Two years on from his maiden Scottish Rally Championship win, David Bogie secured the 2009 Hankook/MSA-backed series at the final round, the Colin McRae Forest Stages, after what he admitted had been a nerve-wracking and stressful day.

The 2007 victory came just weeks after the death of his friend and mentor, and Saturday's achievement, on an event full of incident and drama, was no less emotional as the 22-year old Dumfries driver became the youngest champion since McRae himself won the crown in 1988 at the age of 20.

"The Scottish championship is something I've aimed for since I started in rallying, it's been a box I've wanted to tick, and I've been so close these past two years", said Bogie, whose seventh-place points finish, alongside co-driver Kevin Rae, was enough to secure them the title, "You only have to look at some of the names on the trophy - among them Colin and Jimmy McRae - and that says it all. I'm over the moon."

Indeed, the moon was well up by the time the four-wheel drive cars arrived back at Perth Racecourse in the gathering dusk, after what had been a day of attrition for many competitors, following the cancellation of the first stage, cars sliding off in treacherous conditions and fallen trees all resulting in lengthy delays.

Overall victory went to Mark Higgins, who was fulfilling a promise to compete on the rally after missing last year's star-studded event. The three-times British champion, along with co-driver Rory Kennedy, turned in a consummate display, winning all four completed stages at the wheel of an ex-Carlos Sainz Subaru Impreza - the sister car to McRae's 1995 world title-winning machine.

Higgins and Kennedy finished 40 seconds ahead of 2008 BTRDA champions Hugh Hunter and Andy Marchbank, the pair making their second appearance on a Scottish round in their ex-McRae Ford Focus WRC 01.

Mike Faulkner and Peter Foy were third overall and first of the SRC-registered competitors in their Mitsubishi Evo 6 - the Kirtlebridge-based driver ruing the broken driveshaft which had led to an early exit on the penultimate round, the Merrick Forest Stages, and effectively put paid to any championship ambitions.

'Merrick' winners Jock Armstrong and Kirsty Riddick finished second in the points and fourth overall in their Subaru Impreza, while Calum Mackenzie, with Alan Clark on the notes, powered his Escort Mk2 to a hugely impressive final SRC podium spot, and top two-wheel drive honours.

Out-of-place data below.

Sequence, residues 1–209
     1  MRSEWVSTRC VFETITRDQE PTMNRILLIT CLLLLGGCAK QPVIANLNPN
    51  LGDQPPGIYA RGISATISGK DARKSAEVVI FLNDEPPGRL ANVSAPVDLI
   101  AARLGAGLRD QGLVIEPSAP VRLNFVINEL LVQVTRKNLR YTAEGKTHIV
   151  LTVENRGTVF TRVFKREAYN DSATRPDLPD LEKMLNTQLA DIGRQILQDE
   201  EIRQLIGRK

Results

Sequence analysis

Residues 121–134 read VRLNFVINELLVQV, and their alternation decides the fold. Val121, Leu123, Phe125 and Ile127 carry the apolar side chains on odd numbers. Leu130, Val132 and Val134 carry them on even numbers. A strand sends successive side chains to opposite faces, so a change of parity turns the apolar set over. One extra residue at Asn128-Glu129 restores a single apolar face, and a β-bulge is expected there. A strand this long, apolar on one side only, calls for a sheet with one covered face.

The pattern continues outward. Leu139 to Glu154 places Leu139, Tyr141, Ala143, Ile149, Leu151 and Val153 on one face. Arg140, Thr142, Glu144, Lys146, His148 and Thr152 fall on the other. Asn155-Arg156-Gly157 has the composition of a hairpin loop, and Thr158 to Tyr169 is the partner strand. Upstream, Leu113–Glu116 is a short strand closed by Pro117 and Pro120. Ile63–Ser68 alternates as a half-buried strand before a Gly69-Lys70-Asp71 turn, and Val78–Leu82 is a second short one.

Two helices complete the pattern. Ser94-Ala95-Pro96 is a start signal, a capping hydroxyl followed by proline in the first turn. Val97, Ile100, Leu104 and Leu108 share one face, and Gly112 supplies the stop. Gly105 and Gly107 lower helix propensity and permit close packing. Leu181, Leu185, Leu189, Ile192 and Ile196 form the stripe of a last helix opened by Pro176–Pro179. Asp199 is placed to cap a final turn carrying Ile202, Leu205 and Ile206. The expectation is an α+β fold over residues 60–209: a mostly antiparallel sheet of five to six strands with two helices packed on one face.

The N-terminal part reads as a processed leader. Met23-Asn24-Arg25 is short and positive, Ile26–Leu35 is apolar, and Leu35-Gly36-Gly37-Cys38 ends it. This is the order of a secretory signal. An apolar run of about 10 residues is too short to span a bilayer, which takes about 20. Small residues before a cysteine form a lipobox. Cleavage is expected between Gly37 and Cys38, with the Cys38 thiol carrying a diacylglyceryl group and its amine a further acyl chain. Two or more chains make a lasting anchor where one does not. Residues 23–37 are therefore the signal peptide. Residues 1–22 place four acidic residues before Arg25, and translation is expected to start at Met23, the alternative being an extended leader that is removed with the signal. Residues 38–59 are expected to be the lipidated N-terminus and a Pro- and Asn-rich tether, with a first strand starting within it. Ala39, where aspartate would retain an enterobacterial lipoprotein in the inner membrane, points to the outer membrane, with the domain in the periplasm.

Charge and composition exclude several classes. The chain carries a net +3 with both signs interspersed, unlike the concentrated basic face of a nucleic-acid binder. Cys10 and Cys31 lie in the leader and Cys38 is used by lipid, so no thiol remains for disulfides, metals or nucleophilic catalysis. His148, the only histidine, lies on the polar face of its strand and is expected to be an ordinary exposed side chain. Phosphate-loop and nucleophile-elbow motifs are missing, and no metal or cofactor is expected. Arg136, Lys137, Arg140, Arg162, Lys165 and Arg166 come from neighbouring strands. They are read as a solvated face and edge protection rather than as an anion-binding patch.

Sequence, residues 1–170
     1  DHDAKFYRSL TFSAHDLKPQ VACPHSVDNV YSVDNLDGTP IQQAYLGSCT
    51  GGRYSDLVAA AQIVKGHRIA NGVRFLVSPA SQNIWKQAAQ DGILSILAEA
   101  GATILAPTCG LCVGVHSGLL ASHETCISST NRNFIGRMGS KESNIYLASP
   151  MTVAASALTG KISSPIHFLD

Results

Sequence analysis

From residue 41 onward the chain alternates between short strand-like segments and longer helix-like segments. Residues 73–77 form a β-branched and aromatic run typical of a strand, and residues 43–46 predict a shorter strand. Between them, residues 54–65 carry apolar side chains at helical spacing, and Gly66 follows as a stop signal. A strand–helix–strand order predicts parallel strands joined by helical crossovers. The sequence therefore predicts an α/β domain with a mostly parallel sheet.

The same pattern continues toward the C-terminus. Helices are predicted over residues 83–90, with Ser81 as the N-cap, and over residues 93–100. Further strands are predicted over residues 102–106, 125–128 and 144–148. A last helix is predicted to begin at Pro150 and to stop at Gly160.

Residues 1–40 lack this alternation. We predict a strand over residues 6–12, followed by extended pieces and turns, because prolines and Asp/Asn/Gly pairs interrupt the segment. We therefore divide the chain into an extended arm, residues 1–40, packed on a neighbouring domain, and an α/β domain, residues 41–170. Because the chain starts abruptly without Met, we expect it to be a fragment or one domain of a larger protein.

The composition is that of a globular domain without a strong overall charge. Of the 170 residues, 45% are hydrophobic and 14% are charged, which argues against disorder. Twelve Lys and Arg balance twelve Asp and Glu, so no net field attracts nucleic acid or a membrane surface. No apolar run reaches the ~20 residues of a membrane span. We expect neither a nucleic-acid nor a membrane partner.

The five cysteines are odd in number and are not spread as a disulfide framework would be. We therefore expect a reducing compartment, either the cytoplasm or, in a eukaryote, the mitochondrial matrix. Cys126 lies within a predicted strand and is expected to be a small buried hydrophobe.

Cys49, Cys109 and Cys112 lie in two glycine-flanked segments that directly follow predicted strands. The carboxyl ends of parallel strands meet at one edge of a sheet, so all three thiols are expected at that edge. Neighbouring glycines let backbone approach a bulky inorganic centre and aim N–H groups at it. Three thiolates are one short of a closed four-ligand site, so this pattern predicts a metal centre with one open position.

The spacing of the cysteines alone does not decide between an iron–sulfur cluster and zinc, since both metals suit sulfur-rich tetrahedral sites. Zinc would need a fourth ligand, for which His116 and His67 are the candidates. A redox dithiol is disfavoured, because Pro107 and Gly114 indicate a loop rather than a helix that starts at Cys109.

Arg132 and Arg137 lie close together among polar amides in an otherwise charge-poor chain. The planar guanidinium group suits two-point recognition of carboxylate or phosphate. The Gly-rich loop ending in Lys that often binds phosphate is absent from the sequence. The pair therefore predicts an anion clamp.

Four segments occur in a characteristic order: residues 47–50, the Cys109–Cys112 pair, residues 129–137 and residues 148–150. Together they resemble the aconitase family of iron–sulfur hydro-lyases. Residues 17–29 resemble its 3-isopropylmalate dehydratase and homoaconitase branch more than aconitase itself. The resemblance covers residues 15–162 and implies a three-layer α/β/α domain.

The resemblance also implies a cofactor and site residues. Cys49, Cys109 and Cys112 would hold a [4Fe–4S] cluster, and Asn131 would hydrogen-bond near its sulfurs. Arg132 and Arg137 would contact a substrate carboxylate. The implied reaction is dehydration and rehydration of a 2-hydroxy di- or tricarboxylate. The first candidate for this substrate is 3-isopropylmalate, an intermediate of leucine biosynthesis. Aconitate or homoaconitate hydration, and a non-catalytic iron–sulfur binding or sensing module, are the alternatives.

The Oban duo of Shaun Sinclair and Chris Hamill consolidated their second place in the Group N championship in a Mitsubishi Evo 9, finishing nine seconds ahead of the Subaru Impreza of Euan Thorburn, who had already secured the GpN title. Like Faulkner, Thorburn, who was co-driven by Doug Redpath, had gone into the McRae with a mathematical chance of winning the championship, should Bogie hit problems.

Stonehaven's Barry Groundwater and David Wilson from Alness both finished in the top ten in their respective Evos.

Heavy squally showers greeted the crews as they drove north from Perth to the first stage, the 10.70 mile Craigvinean, with the 2WD contenders leading the field. Word soon filtered out of a major accident involving Fraser Wilson and Steven Brollm whose Vauxhall Nova had rammed a tree head-on before flipping over and landing heavily. There followed a delicate operation to remove Broll from the wreckage before both were taken to hospital. It later transpired that they'd both had miraculously escaped injury, apart from sprains and bruising.

With SS1 cancelled, crews returned to service, collectively drew breath and headed out to what for most was the first competitive test of the day - the daunting Drummond Hill. Motherwell's John Crawford, second into the stage, then crashed out heavily in his Mk2 Escort, resulting in sixteen competitors following behind being awarded notional times, based on Mackenzie's run.

Another notable retirement on SS2 was newly-crowned IRC champion Kris Meeke, who was forced to call it a day when the engine of his Peugeot 207 S2000 expired, so it was a somewhat depleted and bewildered field which arrived back at second service with even the most experienced drivers describing the 8.40 stage miles as being among the most difficult they had ever encountered.

"It was absolutely horrendous, very muddy and slippery, big rocks all over the place, cars off left and right, I thought we were going to get caught ourselves," Higgins reported.

"I didn't think you could get ice in October," mused Mackenzie, while Bogie opined: "At least you know where you are with ice."

Of the front runners, Sinclair seemed to fare better than most - claiming that 'it must suit my driving style, if I knew why, I'd bottle it and take it every morning!' - while the remaining stages also posed problems for organisers, with several fallen trees having to be removed ahead of the cars, leading to further delays.

Hunter, Armstrong and Faulkner were second fastest to Higgins respectively through SS3 Allean, SS4 Kindrogan Wood and SS5 Blackcraig, while Bogie had just one target in mind, his grip on the crown tightening with every completed stage mile.

"That last stage was butterflies the whole way," the jubilant new champion declared, "It's all been very tricky. We've had a burst exhaust, then a puncture on stage three. It's been such a stressful day, but it makes it all the better in the end."